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I am guardian of the property for my incapacitated mother. I am hiring caregivers to care for her in my home, and paying them with my mother's money. I want my mother to have the tax advantage of this medical expense.


Who is the employer, for tax purposes? i.e., whose EIN/Social Security do I use as the "employer"?

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It is her money, and as her guardian you are acting on her behalf. Think of her as the company and yourself as her humble functionary, if you will.
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Reply to Countrymouse
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simplyexhausted Jan 17, 2019
Thanks, Countrymouse. Humble functionary is a very good description. :-)
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Agree. Your mother.

Im assuming your are looking at a employer type deduction.

However, a good accountant can find all sorts of deductions to claim and hopefully get enough “medical” expenses added up to qualify for this deduction. As the medical deduction is based from a percentage of income - it sometimes can be a tough one to achieve.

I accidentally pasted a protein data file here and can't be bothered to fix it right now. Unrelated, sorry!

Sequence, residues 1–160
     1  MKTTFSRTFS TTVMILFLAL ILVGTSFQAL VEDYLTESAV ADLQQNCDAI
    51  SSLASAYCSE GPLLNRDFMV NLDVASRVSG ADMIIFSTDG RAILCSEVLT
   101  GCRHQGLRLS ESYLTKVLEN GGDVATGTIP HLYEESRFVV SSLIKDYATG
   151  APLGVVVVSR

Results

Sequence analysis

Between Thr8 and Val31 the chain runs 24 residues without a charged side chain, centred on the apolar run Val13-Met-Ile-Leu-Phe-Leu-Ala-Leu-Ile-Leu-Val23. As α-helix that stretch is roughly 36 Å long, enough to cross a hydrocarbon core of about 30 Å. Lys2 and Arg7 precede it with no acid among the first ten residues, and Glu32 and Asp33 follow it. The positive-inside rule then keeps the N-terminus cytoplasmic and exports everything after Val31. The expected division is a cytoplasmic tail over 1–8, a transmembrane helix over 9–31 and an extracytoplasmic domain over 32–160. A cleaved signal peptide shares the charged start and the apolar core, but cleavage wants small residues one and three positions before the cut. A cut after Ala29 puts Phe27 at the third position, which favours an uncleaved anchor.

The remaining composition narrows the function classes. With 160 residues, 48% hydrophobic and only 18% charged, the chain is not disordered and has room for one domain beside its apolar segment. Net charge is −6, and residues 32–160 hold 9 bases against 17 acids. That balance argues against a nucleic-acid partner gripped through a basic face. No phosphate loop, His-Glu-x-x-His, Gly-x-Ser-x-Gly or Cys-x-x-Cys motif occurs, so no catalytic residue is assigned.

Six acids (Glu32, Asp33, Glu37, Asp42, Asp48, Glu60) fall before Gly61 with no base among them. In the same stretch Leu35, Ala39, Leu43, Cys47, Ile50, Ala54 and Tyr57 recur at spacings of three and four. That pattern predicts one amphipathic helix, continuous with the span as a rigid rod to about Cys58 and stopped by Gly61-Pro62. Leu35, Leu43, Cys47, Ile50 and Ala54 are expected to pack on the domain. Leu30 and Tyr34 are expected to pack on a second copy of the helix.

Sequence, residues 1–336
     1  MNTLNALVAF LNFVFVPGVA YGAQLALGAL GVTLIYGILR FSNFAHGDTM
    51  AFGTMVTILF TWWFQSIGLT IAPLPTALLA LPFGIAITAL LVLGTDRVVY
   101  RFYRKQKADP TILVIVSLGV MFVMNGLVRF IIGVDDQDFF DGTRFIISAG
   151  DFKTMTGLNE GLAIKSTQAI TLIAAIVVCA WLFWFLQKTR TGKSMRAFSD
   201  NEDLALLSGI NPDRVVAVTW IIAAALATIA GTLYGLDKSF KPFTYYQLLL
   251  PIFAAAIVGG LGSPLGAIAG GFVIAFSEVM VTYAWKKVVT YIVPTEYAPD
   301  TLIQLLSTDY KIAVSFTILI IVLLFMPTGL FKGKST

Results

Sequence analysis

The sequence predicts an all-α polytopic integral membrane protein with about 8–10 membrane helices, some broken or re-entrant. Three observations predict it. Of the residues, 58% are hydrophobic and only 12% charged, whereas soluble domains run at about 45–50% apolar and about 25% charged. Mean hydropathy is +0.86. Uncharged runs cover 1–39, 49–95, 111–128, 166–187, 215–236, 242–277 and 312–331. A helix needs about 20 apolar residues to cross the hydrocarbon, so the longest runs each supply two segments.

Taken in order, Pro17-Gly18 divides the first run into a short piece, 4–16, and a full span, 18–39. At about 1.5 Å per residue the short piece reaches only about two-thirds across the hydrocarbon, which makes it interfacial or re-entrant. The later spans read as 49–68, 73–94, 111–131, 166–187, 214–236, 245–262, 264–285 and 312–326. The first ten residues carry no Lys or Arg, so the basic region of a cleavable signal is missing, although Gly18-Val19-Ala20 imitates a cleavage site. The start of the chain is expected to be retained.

I did experience some frustration with my mother being considered the employer rather than myself. I handled all the money, bills, contact and communication with the home care agency - but as far as the caregiver was concerned - mom was the boss. I guess... technically so.

Still - when my mother had her big fall - The Game Changer - as I call it, all sorts of issues came to light. Things that I feel I should have been told so I could have made arrangements for a higher level of care.

Which, I suspose was my mothers fear as she instructed the caregiver not to tell me about several specific instances- things that screamed “more care”. But there I was - thinking that with the caregivers help, mom was “managing”.

Yeah, right.

Sorry for the aside rant - residual frustrations!
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Reply to Rainmom
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My sister who is POA got our father an EIN. He is the employer. She got a payroll company to pay the employees. She set up workers comp for them too. They are actual employees. Most of them want to be paid under the table, however we want everything to be legal.

I suggest the payroll company BeneftMall PayFocus. They are awesome. I have them do the paperwork for my small business. They bend over backwards to help.

The payroll company takes out taxes and files all the paperwork, which simplifies matters. Her payroll company was difficult to deal with.